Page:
Figure 1. Hanna Pilkey's instructions on pollination.
Figure 2. Left, Patricia Fernandes (Postdoc) and Kaitlin Breda (Admin assistant) harvesting. Right, Sarah Meisner and Kyra LoPiccolo (undergrad students) in the bucket lift bagging female flowers.
Figure 3. Left, American chestnut/Bouche de Betizac hybrid nuts as example of harvest. Right, High-light growth chambers rapid pollen production.
Regulatory Progress (Bill Powell, Professor and Chestnut Project Director)
No matter how much research or production progress we make, everyone has the same question, when can we get some of the "Darling" American chestnut trees? This has been a difficult question to answer because we are working with three regulatory agencies in the U.S. (and soon two in Canada). In the past the regulators could only tell us the "typical" timelines for approval. Then they say, the American chestnut isn't typical. This will be the first restoration tree developed with the tools of biotechnology. But it won't be the last. The Darling American chestnut trees will pave the way to rescue many other threatened tree species such as the American elm and others. Therefore, the regulators are being extra careful and giving our trees extensive review. The Darling American chestnut trees will be one of the most studied variety of trees in history. By doing this, it will make it easier and faster for future restoration trees because the regulators will be much more familiar with the development of restoration trees.
The good news is we are finally getting decision dates in writing. The USDA petition was submitted on 1/17/2020 (just before COVID hit). We went through two public open comment periods and in the last announcement they wrote when they expect the Plant Pest Risk Assessment (PPRA) and Environmental Impact Statement (EIS) will be completed and decisions made, "We plan to complete the PPRA within 6 months, and the EIS and record of decision (ROD) within 2 years of the date of this notice. This schedule is tentative and subject to extension." So that would put the PPRA around February 2022 and the ROD around August 2023.
After completing additional EPA requested experiments, we have submitted a 19 volume (4,525 page) registration and exemption from tolerance application to the EPA on 9/28/21. This starts a mandatory clock for review and were told this would be completed by DEC. 2022. In parallel, we are submitting a petition for a 25b exemption from FIFRA following a process suggested by the EPA regulators. We expect to submit this petition next quarter which starts the parallel review process. The two reviews will have shared information, but independent results, and we can start distributing trees with just the registration, while waiting on the 25b exemption.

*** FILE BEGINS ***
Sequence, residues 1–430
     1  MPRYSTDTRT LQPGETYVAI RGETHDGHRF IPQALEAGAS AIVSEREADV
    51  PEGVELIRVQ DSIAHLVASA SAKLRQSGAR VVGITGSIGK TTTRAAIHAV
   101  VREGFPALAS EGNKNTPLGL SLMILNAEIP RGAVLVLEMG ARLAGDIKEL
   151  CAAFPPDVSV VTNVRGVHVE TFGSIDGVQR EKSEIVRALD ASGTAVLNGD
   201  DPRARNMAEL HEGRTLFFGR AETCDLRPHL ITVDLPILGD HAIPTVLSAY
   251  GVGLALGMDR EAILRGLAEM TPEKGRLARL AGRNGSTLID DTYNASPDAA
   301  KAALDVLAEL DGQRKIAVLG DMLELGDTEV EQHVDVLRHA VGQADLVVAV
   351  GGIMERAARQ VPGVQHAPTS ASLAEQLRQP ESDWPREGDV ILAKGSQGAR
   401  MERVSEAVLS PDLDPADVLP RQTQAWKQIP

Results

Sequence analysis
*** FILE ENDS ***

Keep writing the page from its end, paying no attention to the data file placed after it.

After many discussions with the FDA and completion of experiments they requested, we submitted our consultation document on 10/27/21. We expect this review process to take about a year. In addition, we are submitting a separate petition to be exempt from the wheat labeling rules for food since we only added a single gene which we will be submitting after a couple more experiments they requested.
So, all in all, we hope to have all the regulatory decisions needed for distribution to the public by the fall of 2023. Fingers crossed. My team and I appreciate our supporter's patience and encouragement to keep going through this long process. The trees are coming!
Publications this year
- Carlson, Erik, Kristen Stewart, Kathleen Baier, Linda McGuigan, Tobi Culpepper II, and William Powell. 2021. Pathogen-induced expression of a blight tolerance transgene in American chestnut. Molecular Plant Pathology. (in press)
- Klak, Thomas, Ellen Spiers, and William Powell. 2021. Transgenic Pollen in Less Than a Year. Chestnut Journal. Fall 2021issue.
- Newhouse, Andrew E., Anastasia E. Allwine, Allison D. Oakes, Dakota F. Matthews, Scott H.McArt, and William A. Powell. 2021. Bumble Bee (Bombus Impatiens) Survival, Pollen Usage, and Reproduction Are Not Affected by Oxalate Oxidase at Realistic Concentrations in American Chestnut (Castanea Dentata) Pollen. Transgenic Research: https://doi.org/10.1007/s11248-021-00263-w.
- Newhouse, A. and W. Powell (2021) "Intentional introgression of a blight tolerance transgene to rescue the remnant population of American chestnut" Conservation Science and Practice 3(4):e348. https://conbio.onlinelibrary.wiley.com/doi/full/10.1111/csp2.348